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2016 Human Rights Film Series


The Hunting Ground (2015)

The statistics are staggering. One in five women in college are sexually assaulted, yet only a fraction of these crimes are reported, and even fewer result in punishment for the perpetrators. From the intrepid team behind The Invisible War comes The Hunting Ground, a piercing, monumental exposé of rape culture on campuses, poised to light a fire under a national debate. In a tour de force of verité footage, expert insights, and first-person testimonies, the film follows undergraduate rape survivors pursuing both their education and justice, despite ongoing harassment and the devastating toll on them and their families. Scrutinizing the gamut of elite Ivies, state universities, and small colleges, filmmakers Kirby Dick and Amy Ziering reveal an endemic system of institutional cover-ups, rationalizations, victim-blaming, and denial that creates perfect storm conditions for predators to prey with impunity.Meanwhile, the film captures mavericks Andrea Pino and Annie Clark, survivors who are taking matters into their own hands-ingeniously employing Title IX legal strategy to fight back and sharing their knowledge among a growing, unstoppable network of young women who will no longer be silent. Since the film's premiere at Sundance, it had been screened at the White House and hundreds of college campuses across the country. The documentary has inspired new laws in New York and California and changes in campus policies.(Source: Official film site, http://www.thehuntinggroundfilm.com/story/)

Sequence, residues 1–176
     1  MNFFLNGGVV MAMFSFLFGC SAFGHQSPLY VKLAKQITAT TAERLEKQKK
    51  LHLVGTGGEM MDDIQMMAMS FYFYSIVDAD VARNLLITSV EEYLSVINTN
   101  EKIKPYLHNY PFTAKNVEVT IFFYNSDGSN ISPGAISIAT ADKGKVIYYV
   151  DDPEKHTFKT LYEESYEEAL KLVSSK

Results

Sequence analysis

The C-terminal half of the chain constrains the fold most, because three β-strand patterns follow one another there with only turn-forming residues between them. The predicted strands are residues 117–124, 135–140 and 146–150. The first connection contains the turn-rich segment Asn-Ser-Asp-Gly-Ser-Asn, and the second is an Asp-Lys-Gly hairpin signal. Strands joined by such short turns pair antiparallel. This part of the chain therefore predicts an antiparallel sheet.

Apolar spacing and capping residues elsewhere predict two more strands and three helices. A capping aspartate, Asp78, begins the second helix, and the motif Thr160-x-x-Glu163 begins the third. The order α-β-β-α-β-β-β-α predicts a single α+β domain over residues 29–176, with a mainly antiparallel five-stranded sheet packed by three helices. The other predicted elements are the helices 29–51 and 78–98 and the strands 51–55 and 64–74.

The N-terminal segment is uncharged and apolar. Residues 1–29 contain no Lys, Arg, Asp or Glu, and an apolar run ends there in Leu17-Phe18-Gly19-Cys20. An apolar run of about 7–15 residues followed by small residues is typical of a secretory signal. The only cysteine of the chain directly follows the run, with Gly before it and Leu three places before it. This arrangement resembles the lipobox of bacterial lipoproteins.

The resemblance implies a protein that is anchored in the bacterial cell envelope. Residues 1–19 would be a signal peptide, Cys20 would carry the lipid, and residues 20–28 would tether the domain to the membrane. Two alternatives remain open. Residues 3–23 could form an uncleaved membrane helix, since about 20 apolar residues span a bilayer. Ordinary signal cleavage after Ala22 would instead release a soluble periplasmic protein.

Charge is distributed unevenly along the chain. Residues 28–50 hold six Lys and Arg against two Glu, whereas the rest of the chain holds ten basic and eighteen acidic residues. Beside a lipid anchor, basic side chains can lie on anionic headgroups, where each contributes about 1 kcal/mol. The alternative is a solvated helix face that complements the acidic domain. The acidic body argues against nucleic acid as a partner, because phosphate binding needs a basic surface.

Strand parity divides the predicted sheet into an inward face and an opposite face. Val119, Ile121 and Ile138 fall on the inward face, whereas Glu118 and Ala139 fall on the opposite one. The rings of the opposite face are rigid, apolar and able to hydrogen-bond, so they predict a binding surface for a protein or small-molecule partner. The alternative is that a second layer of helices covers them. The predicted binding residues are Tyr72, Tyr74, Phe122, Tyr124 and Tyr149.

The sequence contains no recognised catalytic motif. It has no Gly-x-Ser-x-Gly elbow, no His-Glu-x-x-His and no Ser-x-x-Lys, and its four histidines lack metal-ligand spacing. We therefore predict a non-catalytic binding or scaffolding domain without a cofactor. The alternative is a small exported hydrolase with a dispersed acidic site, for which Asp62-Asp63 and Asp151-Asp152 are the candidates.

Merchants of Doubt (2014)

Inspired by the acclaimed book by Naomi Oreskes and Erik Conway, Merchants Of Doubt takes audiences on a satirically comedic, yet illuminating ride into the heart of conjuring American spin. Filmmaker Robert Kenner lifts the curtain on a secretive group of highly charismatic, silver- tongued pundits-for-hire who present themselves in the media as scientific authorities-yet have the contrary aim of spreading maximum confusion about well-studied public threats ranging from toxic chemicals to pharmaceuticals to climate change.(Source: Official film site, http://sonyclassics.com/merchantsofdoubt/)The film is a powerful indictment of behind-the-scene lobbyists and public relations agencies who employ questionable strategies, with the goal of "manufacturing doubt," to thwart or delay policy makers from enacting legislation that would be damaging to their clients. This strategy of creating doubt and uncertainty was first utilized by tobacco executives, who claimed that nicotine was not addictive, and continues to be employed by major corporations and their lobbyists on a number of critical issues, including global warming and even vaccinations.


Food Chains (2014)